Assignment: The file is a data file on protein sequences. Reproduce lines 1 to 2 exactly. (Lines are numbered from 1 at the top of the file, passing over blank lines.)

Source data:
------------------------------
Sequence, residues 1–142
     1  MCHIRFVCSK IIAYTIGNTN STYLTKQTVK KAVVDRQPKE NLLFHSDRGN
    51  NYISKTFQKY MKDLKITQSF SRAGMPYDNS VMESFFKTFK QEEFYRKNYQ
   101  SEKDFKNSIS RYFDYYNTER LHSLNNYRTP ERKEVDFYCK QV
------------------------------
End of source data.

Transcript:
Sequence, residues 1–142
     1  MCHIRFVCSK IIAYTIGNTN STYLTKQTVK KAVVDRQPKE NLLFHSDRGN